Hardware trust has become important and has seen major growth over the last several years. There is a large and active group of academic and industry researchers working on various aspects of the hardware trust problem. However, most research in this area is currently carried out in an ad-hoc fashion and results are reported using figures of merit that prevent objective cross-field comparisons of Trojan detection schemes.
A few benchmark circuits infected with hardware Trojans (called trust benchmarks) are developed. The trust benchmarks pass a thorough test procedure and several detection techniques. To support further validation of the trust benchmarks, hardware platforms are developed to validate trust benchmarks and a web portal is set up to make the benchmarks and hardware platforms available to help accelerate research in hardware security and trust. Technical meetings are scheduled to collect feedbacks from experts in the community about the benchmarks and hardware platforms.
The intellectual merit of this proposal include development of (i) a detailed taxonomy for Trojans, (ii) a set of static trust benchmarks, (iii) a number of hard-to-detect Trojans, (iv) hardware platforms for hardware emulation and validation of Trojan detection methods, and (v) a repository called Trust-Hub. A trust benchmark is selected for fabrication using the MOSIS program.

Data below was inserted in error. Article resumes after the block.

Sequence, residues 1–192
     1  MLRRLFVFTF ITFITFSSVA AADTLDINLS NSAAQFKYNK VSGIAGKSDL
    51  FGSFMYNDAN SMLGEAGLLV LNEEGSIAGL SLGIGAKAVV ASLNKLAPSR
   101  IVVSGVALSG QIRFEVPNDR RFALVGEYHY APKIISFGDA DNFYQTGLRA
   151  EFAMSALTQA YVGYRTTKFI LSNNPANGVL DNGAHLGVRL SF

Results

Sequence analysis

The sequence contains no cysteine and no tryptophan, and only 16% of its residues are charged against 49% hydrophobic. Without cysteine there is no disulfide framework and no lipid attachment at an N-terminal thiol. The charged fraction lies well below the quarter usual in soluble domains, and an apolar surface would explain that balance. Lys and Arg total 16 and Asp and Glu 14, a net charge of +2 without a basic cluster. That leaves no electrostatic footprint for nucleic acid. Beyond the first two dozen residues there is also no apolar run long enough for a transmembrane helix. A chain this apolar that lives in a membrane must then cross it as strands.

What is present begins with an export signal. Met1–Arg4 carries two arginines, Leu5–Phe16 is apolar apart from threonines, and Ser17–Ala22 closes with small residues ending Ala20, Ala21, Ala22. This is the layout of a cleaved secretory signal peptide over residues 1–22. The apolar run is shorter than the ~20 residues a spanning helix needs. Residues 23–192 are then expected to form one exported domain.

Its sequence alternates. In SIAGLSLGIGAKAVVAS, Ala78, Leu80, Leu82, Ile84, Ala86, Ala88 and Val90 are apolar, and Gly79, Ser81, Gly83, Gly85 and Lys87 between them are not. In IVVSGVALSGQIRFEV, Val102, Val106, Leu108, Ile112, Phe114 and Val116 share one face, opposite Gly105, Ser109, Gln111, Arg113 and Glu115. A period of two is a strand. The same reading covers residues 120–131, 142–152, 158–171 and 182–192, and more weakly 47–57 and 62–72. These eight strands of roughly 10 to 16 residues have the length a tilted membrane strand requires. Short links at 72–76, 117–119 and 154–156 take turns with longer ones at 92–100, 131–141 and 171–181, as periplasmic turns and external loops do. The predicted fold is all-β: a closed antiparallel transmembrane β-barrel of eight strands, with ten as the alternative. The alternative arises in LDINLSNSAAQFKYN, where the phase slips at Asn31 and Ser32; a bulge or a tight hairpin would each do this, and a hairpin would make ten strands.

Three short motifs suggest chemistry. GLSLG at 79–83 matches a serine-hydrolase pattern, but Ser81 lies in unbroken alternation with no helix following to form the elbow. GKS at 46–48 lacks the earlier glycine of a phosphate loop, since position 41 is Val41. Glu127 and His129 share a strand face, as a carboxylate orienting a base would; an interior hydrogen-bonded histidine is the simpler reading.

Abstract: Hardware security and trust has become important and has seen major growth over the past several years. Currently, most research in this area is carried out in an uncoordinated basis in labs around the world using an assortment of home-grown reference designs, simulation environments, and results are reported in terms of ad-hoc figures of merit. The main objective is to provide an opportunity to synchronize the research activities in this community and help accelerate the research and development by providing common hardware validation platforms that can enable effective implementation of circuits infected by Trojans (called trust benchmarks). Intellectual Merits: Since the early days of computer science and engineering, benchmarking has played an important role and influenced major hardware and software concepts. In this project, we developed trust benchmark circuits. To support validation of the trust benchmarks, we created hardware platforms to validate trust benchmarks, and a web portal (www.trust-hub.org) to help accelerate research in hardware security and trust. The intellectual merit of this project include development of (i) a detailed taxonomy for Trojans, (ii) a set of static trust benchmarks, (iii) a number of hard-to-detect Trojans, (iv) benchmark complexity analysis, (v) hardware platforms for hardware emulation and validation of Trojan detection methods, and (vii) a repository called Trust-Hub. Broader Impacts: The results of this project would be of interest to fabless semiconductor companies, US government agencies and university researchers worldwide. Benefits to the society include trustworthy electronics for healthcare, defense, weather forecasting, finance, transportation, and automotive applications. Trust benchmarks and Trojan detection techniques help in detecting manufacturing defects, aid silicon debug and improve parametric reliability. The benchmarks have also been used in the embedded systems challenge held annually at NYU-Poly. This research impacts the education of students and semiconductor industry professionals through courses, online materials, and on- and off-campus seminars. Summary of the Outcomes: One graduate and one undergraduate students worked on developing a preliminary set of Trust Benchmarks and the Trust-Hub web portal. The benchmarks were tested and validated by the students using a validation tool suite. The tool is able to generate functional and structural tests and apply them to the circuit under authentication. This was a planning project. The PIs scheduled meetings with experts in the area of hardware security and trust from academia, industry, and government. The feedbacks from these experts were collected and reported to NSF. Design of trust benchmarks provided a great deal of experience to the students involved in this project to design, verification, and test of integrated circuits. The PIs have set up a web-based dissemination portal, called Trust-Hub, to make all benchmark circuits and the common hardware platforms available to public. This webpage has become a hub for the many researchers in academia and industry for their hardware hardware security and trust related issues and needs. Over the past 20 months, thousands of researchers have visited Trust-Hub and the website has had more 250,000 hits. This demonstrates that the community is very much interested in this web portal and that they are able to find their news, papers, events, etc. in this webpage. Through various events such as IEEE HOST/DAC, we have distributed brochures about trust-hub and have advertised it through various channels such as TTTC, IEEE HOST, monthly newsletter, etc.